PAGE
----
SG2018: Key learning from POWER Africa about the power of Savings Groups

by 10th Jul 2018
Nicedore Nkurunziza facilitating a discussion on working with adolescent girls at the SG2018 POWER Africa learning session Nicedore Nkurunziza facilitating a discussion on working with adolescent girls at the SG2018 POWER Africa learning session

The SEEP Network’s SG2018: The Power of Savings Groups conference has ended and now the real work begins for the sector. More than 400 policy makers, company and development sector representatives came together in Kigali in May to step up the scale and impact of Savings Groups globally. One of the key learning events at SG2018 was provided by CARE’s POWER Africa project (Promoting Opportunities for Women’s Economic Empowerment in Rural Africa), and here we talk to two members of the POWER Africa team about what they took away from SG2018, and how they believe Savings Groups can be taken forward to empower more women in the future.

Nicedore Nkurunziza, POWER Africa Programme Manager in Burundi

“The first element that needs to be taken into account is the need for innovative approaches that integrate gender in financial inclusion programmes, in order to make sure that these are durable and accessible for all.

“Financial inclusion alone does not guarantee financial autonomy, especially for women and girls. Different actors are involved in financial inclusion programmes: governments, NGOs and Village Agents all play a very important role in ensuring equal participation and in setting up the framework that guarantees the proper functioning of these programmes.

“Governments have become more and more relevant in the coordination of and in the legislation for a favourable environment for financial inclusion initiatives. As a consequence, their involvement should be ensured since the very beginning.

“As far as NGOs are concerned, they should start to rethink their role and act as innovators. The focus (and the funding) towards creation and support of VSLAs will diminish and donors will likely start focusing on other sectors in the near future.

“Village Agent networks and their capacity building should be strengthened. Some experiences have shown that the role of these networks goes way beyond financial inclusion and it becomes more and more visible in the advocacy for transformation of and influence over service provision.

“Following the discussions at SG2018, I am taking back to Burundi some relevant recommendations, in particular the importance of working more with male youth for future projects, and to strengthen advocacy for the integration of VSLA approaches into formal curricula for entrepreneurship trainings.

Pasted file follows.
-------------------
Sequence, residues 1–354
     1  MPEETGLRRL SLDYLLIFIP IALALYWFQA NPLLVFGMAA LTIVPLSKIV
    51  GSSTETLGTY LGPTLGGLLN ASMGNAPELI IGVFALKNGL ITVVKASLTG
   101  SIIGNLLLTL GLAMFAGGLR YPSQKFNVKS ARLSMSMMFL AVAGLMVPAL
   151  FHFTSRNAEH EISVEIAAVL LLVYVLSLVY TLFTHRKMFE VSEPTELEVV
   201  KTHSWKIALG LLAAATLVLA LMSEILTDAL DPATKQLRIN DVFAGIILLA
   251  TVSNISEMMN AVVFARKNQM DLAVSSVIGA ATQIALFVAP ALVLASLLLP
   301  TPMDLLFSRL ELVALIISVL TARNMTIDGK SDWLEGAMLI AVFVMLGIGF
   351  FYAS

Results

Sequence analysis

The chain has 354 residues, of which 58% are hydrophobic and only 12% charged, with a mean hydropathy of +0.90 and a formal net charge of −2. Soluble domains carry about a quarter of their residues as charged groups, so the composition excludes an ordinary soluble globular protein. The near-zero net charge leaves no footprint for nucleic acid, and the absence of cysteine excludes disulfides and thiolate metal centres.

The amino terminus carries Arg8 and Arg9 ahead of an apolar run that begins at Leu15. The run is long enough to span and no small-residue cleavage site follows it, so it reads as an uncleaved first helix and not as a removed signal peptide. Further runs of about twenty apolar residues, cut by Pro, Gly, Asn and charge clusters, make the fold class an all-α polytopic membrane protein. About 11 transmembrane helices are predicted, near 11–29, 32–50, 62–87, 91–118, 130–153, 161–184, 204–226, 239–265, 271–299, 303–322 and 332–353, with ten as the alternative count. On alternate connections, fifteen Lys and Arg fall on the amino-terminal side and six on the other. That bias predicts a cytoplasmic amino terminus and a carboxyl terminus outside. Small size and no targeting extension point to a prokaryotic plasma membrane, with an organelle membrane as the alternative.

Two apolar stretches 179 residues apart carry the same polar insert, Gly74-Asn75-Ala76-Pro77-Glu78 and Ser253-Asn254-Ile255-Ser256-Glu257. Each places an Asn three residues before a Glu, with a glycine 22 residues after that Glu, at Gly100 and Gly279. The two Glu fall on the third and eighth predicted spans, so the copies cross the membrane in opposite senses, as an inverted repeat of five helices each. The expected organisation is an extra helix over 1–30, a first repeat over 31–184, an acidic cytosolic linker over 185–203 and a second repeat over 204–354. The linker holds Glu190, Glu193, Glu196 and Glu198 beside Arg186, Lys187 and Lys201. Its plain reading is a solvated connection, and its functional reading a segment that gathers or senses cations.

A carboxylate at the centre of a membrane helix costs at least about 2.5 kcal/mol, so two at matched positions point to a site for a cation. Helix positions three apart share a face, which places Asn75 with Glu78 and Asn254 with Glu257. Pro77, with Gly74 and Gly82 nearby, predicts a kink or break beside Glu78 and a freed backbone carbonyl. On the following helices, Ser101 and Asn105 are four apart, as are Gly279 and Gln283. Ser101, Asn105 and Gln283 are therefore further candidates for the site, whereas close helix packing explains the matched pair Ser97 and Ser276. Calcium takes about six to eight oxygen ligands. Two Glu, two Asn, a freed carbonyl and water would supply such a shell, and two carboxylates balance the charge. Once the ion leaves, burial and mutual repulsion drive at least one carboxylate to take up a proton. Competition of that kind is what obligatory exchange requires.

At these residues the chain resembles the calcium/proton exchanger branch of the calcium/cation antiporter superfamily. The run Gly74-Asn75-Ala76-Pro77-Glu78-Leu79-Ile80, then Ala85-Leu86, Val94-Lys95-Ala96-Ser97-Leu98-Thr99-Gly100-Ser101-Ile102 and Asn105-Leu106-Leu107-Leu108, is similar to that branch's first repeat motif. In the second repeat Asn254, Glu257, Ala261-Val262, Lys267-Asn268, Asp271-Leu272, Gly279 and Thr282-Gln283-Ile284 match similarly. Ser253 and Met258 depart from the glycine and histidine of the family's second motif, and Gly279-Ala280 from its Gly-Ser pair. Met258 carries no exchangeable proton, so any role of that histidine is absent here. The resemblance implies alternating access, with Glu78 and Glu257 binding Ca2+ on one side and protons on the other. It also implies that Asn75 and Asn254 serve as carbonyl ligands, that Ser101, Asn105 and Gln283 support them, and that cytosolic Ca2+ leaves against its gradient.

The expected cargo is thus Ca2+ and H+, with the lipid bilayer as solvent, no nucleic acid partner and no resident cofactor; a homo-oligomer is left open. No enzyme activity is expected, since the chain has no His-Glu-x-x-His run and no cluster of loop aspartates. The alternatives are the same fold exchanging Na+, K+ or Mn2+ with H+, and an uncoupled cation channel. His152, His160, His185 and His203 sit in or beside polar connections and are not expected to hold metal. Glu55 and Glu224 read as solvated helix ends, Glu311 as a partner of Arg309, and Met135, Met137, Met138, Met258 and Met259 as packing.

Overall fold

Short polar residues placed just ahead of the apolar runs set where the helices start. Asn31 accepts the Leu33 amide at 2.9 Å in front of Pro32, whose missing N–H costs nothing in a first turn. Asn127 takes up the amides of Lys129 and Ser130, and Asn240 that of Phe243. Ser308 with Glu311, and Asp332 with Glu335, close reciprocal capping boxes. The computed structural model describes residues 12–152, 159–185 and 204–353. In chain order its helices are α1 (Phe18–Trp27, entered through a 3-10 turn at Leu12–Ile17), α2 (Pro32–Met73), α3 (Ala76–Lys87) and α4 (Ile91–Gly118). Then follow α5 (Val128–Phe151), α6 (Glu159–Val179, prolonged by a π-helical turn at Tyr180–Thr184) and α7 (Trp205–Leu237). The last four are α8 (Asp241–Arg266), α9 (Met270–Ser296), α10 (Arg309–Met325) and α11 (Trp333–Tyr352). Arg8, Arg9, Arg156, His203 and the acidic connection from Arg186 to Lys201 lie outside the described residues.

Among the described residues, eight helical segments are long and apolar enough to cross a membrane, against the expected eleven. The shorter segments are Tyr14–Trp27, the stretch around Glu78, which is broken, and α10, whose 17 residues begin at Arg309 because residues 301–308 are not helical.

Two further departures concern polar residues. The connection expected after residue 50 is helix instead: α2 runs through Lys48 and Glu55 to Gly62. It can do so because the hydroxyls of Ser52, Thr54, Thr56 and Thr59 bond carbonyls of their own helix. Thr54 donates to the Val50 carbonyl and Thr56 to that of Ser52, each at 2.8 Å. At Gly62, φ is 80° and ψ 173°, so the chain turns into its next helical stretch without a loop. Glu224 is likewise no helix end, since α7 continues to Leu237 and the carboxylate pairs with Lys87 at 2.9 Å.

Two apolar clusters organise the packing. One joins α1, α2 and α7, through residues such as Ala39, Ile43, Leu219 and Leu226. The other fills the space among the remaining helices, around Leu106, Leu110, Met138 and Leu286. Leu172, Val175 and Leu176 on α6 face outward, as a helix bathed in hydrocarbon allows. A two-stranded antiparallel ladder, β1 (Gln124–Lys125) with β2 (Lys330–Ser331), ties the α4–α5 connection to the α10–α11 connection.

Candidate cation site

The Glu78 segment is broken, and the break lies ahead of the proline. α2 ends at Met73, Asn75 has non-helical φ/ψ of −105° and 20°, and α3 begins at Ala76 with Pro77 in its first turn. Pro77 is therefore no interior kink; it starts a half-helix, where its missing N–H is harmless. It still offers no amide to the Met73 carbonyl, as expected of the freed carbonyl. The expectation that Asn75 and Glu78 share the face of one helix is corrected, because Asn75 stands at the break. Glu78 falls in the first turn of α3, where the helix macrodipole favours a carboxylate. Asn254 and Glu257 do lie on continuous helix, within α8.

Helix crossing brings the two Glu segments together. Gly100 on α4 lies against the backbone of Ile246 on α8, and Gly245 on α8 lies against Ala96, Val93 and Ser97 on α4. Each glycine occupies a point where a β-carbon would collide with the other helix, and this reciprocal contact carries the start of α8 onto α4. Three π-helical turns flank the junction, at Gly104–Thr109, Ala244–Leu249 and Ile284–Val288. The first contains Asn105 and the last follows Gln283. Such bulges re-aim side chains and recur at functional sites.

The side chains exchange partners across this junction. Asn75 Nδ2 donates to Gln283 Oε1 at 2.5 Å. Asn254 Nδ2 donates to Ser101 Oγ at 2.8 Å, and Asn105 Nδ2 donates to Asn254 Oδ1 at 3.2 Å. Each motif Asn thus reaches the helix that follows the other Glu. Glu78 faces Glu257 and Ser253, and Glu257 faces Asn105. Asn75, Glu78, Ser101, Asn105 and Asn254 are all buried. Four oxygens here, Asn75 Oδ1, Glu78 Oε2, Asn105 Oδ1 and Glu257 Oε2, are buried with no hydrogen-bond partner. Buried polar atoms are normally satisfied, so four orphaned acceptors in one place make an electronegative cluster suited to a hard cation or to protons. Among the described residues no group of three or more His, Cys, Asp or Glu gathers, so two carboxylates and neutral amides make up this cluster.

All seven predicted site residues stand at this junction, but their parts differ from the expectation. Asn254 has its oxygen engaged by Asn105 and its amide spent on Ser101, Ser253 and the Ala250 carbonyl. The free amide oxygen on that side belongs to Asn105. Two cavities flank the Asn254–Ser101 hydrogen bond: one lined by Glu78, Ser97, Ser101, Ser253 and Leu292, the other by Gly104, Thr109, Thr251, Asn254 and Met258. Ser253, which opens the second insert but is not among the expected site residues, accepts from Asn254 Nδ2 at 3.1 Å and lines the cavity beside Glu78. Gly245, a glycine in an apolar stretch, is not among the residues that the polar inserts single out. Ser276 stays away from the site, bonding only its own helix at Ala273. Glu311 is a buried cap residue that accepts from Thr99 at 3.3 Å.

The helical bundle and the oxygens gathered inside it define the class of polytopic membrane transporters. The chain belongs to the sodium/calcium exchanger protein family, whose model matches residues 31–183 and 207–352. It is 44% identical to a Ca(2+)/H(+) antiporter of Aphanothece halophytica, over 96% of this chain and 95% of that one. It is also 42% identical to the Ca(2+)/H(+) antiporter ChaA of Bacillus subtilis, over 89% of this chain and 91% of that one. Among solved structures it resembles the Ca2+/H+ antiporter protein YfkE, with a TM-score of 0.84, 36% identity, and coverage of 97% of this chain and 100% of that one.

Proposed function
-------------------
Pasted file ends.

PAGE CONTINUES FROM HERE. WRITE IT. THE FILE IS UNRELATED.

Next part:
“The former because we cannot empower girls alone – interaction with male youth is crucial in building their leadership and in establishing the ground for a relationship of complementarity where responsibilities towards the families are shared; while the latter would be an effective poverty reduction strategy, as it would prepare the youth to achieve economic independence in school and out of school.”

Fati Abdou Karine, POWER Africa Programme Manager in Côte d’Ivoire

“My participation at SG2018 was a deep experience for me because I received detailed information concerning the progress of Saving Groups. I also found the training sessions extremely fruitful because they focused on current topics and I appreciated SG2018’s methodology and space for interactive exchanges and networking with all the stakeholders in financial inclusion: implementing agencies, beneficiaries, donors, governments, philanthropists and consultants from different levels and contexts.

“I was especially impressed by SG2018’s use of debates as an interpersonal way of delivering training and sharing information on different perspectives. In my opinion, this was a very effective way for government representatives to discuss different perspectives on how to reach ownership and sustainability of financial inclusion efforts moving forward. I was also very touched by the testimonies of beneficiaries who shared their experiences of how VSLA groups have changed their lives.

“My participation in SG2018 was very valuable for several reasons such as training and gaining new information but I especially appreciated the exposure and opportunity to network with so many diverse professionals working in the field of financial inclusion. I can say that it was a privilege and an opportunity for me to participate in this conference SG2018.”

About POWER Africa

POWER Africa, with support from the Mastercard Foundation, has increased the financial inclusion of over 750,000 individuals and their households across Burundi, Rwanda, Ethiopia and Côte d’Ivoire, particularly targeting poor, food insecure households in rural areas, with a focus on women and adolescent girls.

POWER’s learning event was held to share and discuss the project’s rich learning in the areas of youth entrepreneurship and livelihoods; resilience; linking VSLAs to formal financial service providers and mobile network operators; CARE’s Village Agent model for scaling delivery of programming; and the importance of designing gender equality into financial inclusion programming.

POWER Africa’s learning documents can be found here